US demands Hezbollah withdrawal from Syria

Lebanese fighters spearheaded an assault that cut off Syrian rebel fighters in Qusayr.

Afp May 30, 2013
Lebanese fighters spearheaded an assault that cut off Syrian rebel fighters in the key central town of Qusayr. PHOTO: AFP/FILE

DAMASCUS: The US has demanded the immediate withdrawal of Hezbollah from Syria, as the Lebanese fighters spearheaded an assault that cut off Syrian rebel fighters in the key central town of Qusayr on Wednesday.

Russia warned that a European Union decision to lift its arms embargo on the rebels fighting to oust its ally, Syrian President Bashar al Assad, harmed the international efforts to end the conflict.

A US-Russian initiative for a peace conference to be held in Geneva next month faces serious hurdles, not least the divisions within Syria's opposition.

After seven days of talks in Istanbul – four more than scheduled – the opposition National Coalition said it would only attend the proposed conference if a string of conditions were met, including Assad's resignation.

Meanwhile fears were growing of the Syrian fighting spreading across its borders.

In Geneva, 36 of the 47 members of the UN Human Rights Council voted in favour of a resolution that implicitly refers to the involvement of Hezbollah fighters from neighbouring Lebanon in the fierce battle for Qusayr.

The non-binding text put forward by the United States, Turkey and Qatar "condemned the intervention of foreign combatants fighting on behalf of the Syrian regime."

The United States rejected a statement by Russian Foreign Minister Sergei Lavrov that the resolution was "unwholesome" and undermined peace efforts.

"We don't see this as... undermining in any way" but rather an effort to put rights abuses on record and work towards a solution, said US ambassador to the council Eileen Chamberlain Donahoe.

The US State Department for its part demanded the immediate withdrawal of Hezbollah fighters.

"This is an unacceptable and extremely dangerous escalation. We demand that Hezbollah withdraw its fighters from Syria immediately," spokeswoman Jen Psaki said.

The Syrian army said it had seized the disused Dabaa military airfield north of Qusayr, giving pro-Assad forces control of all roads out of the town in a major setback for the besieged rebels.

A military source told AFP the battle for the airfield was fierce and lasted several hours with "bodies littering the ground".

"The army is now advancing on the town of Dabaa," the source added.

Control of Qusayr is essential for the rebels as it is their principal transit point for weapons and fighters from Lebanon while it helps the army consolidate its grip on a key road from Damascus to the coast – the heartland of Assad's Alawite community.

Hezbollah's al Manar television showed live images it said were from Dabaa airfield taken after the army had recaptured the facility.

In Paris, French Foreign Minister Laurent Fabius said there were some 3,000 to 4,000 Hezbollah fighters in Syria, double the 1,700 number previously reported.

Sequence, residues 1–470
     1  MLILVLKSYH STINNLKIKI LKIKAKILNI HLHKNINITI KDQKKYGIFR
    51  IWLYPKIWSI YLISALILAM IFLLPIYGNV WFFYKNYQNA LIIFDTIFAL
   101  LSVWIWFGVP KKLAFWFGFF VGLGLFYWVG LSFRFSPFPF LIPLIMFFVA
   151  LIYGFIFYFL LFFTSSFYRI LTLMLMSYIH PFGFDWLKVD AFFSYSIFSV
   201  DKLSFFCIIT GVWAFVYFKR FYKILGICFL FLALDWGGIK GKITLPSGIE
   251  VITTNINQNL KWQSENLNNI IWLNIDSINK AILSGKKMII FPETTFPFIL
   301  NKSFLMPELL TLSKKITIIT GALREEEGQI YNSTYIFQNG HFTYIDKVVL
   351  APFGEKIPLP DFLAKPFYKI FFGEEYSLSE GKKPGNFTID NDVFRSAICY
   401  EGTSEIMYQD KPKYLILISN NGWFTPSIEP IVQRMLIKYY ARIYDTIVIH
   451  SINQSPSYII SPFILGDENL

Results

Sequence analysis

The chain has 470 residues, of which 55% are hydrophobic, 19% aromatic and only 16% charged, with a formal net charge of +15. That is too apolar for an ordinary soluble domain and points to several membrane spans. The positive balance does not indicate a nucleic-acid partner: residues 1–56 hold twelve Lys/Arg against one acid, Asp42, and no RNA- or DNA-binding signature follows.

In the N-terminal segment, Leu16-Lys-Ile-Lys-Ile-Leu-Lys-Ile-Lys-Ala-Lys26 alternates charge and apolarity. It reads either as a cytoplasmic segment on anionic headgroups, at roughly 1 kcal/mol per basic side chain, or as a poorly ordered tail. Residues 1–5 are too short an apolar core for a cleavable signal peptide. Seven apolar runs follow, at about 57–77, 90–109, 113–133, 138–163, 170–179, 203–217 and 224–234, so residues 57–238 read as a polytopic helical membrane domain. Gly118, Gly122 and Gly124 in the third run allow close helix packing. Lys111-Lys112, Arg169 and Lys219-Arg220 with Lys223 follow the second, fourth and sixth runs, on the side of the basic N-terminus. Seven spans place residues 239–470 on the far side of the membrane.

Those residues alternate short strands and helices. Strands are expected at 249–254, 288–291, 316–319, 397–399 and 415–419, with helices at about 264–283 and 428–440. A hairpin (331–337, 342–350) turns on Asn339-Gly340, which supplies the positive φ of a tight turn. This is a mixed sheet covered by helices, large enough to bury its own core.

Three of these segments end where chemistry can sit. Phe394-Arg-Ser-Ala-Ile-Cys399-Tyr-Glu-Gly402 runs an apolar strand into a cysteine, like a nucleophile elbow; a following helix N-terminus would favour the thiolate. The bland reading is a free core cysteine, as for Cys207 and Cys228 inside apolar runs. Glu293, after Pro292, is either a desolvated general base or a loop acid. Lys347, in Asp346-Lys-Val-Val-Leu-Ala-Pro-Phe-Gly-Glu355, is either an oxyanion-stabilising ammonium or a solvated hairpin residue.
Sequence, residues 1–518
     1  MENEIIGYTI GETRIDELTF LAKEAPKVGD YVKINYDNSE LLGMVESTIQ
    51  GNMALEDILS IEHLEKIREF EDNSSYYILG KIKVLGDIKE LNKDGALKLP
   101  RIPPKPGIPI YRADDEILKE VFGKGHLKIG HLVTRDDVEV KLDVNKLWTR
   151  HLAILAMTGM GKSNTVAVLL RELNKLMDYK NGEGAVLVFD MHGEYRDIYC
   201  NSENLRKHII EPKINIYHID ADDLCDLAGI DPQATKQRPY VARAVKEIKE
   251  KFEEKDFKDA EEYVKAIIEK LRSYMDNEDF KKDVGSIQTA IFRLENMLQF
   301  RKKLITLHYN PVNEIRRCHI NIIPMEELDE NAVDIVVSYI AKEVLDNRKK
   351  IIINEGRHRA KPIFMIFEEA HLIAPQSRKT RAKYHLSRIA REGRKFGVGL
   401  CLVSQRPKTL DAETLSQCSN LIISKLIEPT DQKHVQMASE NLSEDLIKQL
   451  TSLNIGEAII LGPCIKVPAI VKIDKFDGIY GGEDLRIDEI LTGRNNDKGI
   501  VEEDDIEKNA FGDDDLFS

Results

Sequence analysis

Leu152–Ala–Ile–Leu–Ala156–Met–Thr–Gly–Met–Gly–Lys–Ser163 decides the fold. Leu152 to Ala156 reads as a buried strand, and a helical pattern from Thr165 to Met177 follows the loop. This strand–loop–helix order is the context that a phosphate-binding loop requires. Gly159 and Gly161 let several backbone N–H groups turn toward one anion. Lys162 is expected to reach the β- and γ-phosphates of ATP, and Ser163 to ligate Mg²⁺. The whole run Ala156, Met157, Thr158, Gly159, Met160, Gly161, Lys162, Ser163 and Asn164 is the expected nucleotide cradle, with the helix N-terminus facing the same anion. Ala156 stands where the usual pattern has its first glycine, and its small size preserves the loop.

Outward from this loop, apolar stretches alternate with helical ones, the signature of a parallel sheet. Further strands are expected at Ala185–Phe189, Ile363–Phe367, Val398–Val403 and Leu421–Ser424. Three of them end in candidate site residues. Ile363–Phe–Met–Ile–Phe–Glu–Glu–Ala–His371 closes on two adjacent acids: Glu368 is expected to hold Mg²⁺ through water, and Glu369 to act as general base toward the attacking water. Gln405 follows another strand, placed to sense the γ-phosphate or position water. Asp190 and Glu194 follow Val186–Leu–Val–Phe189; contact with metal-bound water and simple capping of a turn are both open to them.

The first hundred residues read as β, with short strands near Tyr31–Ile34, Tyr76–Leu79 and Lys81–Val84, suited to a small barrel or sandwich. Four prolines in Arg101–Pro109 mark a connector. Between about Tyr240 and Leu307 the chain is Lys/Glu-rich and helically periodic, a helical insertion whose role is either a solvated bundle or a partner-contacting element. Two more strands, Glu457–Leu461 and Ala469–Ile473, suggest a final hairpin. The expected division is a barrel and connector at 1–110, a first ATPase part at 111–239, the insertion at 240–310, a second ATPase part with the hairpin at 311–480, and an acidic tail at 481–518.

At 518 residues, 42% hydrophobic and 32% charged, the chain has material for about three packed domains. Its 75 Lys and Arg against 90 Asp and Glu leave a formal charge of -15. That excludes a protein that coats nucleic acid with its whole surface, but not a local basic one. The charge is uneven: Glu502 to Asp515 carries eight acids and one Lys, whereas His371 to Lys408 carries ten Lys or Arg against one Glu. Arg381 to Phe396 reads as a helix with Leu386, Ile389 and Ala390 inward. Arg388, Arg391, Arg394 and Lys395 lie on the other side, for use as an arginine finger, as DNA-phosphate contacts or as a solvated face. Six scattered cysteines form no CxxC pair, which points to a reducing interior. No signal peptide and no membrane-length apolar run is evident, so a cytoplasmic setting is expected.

The opposition National Coalition is to insist on Assad's resignation and those of his top security chiefs as a precondition for taking part in next month's proposed peace conference, according to a text leaked to reporters.

"The head of the regime must resign, alongside the heads of the military and security forces, who must be excluded from the political process," said the text agreed at the Istanbul talks.

It came after senior envoys from the opposition's main foreign backers put heavy pressure on delegates to agree a common line in the face of mounting disillusion among rebel fighters on the grounds at the wrangling among exiled leaders.

But the idea of Assad stepping down in advance of the proposed conference was swiftly rejected by the regime.

"Do you want the president to resign before the conference, that is not possible," Foreign Minister Walid Muallem told the Beirut-based Arab news channel Mayadeen.

Embattled President Assad, who is facing a two-year rebellion against his rule, will run for a third term in 2014 "if the people want him," he added.

Assad has ruled Syria since 2000, when he took over on the death of his father Hafez.

Muallem said the regime still planned to send delegates to the peace conference and hoped for a positive outcome.

"If we reach an agreement in Geneva, and I hope we will, it will be put to a referendum and if the people approve what we agreed upon, I can assure you it will be fully respected," he said.

Key Assad ally Iran said it had received "an oral invitation" to attend despite strong opposition from some Western governments, notably France.

Co-organiser Russia has pushed hard for Iran to be invited to the Geneva conference, insisting it is "a very important outside player."


ayesha | 8 years ago | Reply

for peace , all the foriegners will have to leave syria. either they are hizbollah and hamas who are defending the government or the jehadis gathered there to defeat asad.

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